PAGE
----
An example of the effects of a carbon tax without a redistributive element (Sweden)
The distributional effects of a carbon tax: The role of income inequality (Grantham Institute (London School of Economics), September 2020)The distributional effects of a carbon tax: The role of income inequality (Grantham Institute (London School of Economics), September 2020)
The argument for a worldwide carbon pricing policy
In 2016, the 195 nations who signed the Paris Agreement asked the Intergovernmental Panel on Climate Change (IPCC) to study the implications of a 1.5°C global temperature target. Their report, entitled Global Warming of 1.5°C, was released in October 2018. This report clarifies the benefits of holding the modern-day rise in global average temperature to 1.5°C rather than 2.0°C. The report states that high prices on Greenhouse gas emissions will be necessary to cost-effectively stay below 1.5°C. To prevent a tax revolt, the money collected must be returned to the people.
The IPCC report underscores the importance of quickly adopting strong carbon pricing. Most importantly, Climate Income enacted globally would cut emissions 50 percent by 2034, a level consistent with the IPCC recommendation for staying below 1.5°C. The graph models the price rising by $10 pa.
The EN-ROADS Policy Simulator from Climate Interactive can be used to test various plans for controlling global temperatures:
- Current projections indicate the planet is on track for a baseline global warming 3.6ºC by 2100.
- Ending fossil fuel subsidies made no material difference: 3.6ºC
- Subsidizing renewables barely budged the global temperature: 3.5ºC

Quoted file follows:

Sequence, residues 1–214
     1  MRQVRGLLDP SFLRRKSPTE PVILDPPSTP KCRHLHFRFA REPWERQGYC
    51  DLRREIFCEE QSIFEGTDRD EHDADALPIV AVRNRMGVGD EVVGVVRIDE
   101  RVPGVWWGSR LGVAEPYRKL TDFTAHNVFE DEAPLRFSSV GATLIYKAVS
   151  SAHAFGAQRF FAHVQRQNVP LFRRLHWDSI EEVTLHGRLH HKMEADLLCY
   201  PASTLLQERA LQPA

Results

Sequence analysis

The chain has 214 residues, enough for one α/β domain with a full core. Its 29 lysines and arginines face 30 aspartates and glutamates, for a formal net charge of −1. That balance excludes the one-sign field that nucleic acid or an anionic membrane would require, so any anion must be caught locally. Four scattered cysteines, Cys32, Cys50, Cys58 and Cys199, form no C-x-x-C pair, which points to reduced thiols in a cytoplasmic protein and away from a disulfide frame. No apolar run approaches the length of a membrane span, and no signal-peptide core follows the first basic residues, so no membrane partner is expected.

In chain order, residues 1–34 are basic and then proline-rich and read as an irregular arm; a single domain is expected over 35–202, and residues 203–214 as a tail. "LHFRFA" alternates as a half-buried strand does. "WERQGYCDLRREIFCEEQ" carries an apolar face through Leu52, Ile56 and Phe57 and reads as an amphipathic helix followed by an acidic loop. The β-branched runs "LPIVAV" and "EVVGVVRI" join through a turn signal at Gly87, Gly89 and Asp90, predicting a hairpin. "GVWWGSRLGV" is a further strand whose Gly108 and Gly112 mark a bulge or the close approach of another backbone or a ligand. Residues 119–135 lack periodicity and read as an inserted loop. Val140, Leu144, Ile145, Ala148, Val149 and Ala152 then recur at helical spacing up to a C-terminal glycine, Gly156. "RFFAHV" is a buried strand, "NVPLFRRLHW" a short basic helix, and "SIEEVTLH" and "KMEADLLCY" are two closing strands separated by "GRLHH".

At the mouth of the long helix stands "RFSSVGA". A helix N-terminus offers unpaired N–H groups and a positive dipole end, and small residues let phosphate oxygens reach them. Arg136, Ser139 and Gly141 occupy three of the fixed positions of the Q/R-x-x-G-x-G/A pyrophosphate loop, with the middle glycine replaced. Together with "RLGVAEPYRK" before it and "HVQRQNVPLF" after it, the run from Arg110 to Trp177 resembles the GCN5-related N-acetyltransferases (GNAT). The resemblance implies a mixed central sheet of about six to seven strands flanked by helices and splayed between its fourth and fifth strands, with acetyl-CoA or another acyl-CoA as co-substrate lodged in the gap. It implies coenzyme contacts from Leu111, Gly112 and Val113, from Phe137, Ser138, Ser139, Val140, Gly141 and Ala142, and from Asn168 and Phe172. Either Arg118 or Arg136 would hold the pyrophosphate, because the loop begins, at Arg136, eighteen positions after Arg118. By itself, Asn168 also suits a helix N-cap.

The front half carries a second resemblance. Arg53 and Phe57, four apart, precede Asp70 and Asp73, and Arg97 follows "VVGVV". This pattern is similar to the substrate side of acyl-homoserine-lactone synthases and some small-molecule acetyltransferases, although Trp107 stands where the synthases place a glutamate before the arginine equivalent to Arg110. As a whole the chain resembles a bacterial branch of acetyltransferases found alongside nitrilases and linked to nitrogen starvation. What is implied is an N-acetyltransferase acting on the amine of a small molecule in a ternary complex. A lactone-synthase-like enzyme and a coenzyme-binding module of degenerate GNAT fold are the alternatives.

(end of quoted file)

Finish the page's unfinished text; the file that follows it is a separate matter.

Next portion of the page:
- Subsidizing renewables + aggressively taxing Fossil Fuels: 3.0ºC
- Pricing greenhouse gas (carbon) pollution as per IPCC recommendations: 2.6ºC.
This edition of the IMF Finance and Development magazine (Dec 2019) is dedicated to the economics of climate change.
In the article “Putting a price on pollution: Carbon-pricing strategies could hold the key to meeting the world’s climate stabilization goals ” (p16) Ian Parry, principal environmental fiscal policy expert, IMF Fiscal Affairs Department, puts the case for carbon pricing with a mitigating/redistributive element (he doesn’t directly refer to CF&D) and against emission trading systems….
And although trading systems provide more certainty in respect to future emissions, they provide less certainty regarding emission prices, which might deter clean-technology investment.
There is also an article by Mark Carney, then Governor of the Bank of England, “Fifty Shades of Green: The world needs a new, sustainable financial system to stop runaway climate change” (p.13).
The world needs a “radical” shift towards renewables to reach net-zero emissions by 2050 and secure the 1.5C goal.
It argues for a total transformation of the energy systems that underpin our economies, with no new oil or gas sites to be developed beyond this year.
Protecting the poor with a carbon tax and equal per capita dividend (Nature Climate Change, Nov 2021) the benefit of imposing an international Climate Income system, especially if the dividend could be returned on an equal per capita basis globally.
TOLL GATES AND MONEY PUMPS: Why carbon taxation could be a simple, fair and transformative policy instrument., Autonomy, March 2022. The report by the Autonomy think tank outlines how a globally applied carbon fee and dividend policy would be extremely effective at lifting the poorest countries out of poverty and more than a billion people above the global poverty line, as well as combating climate change.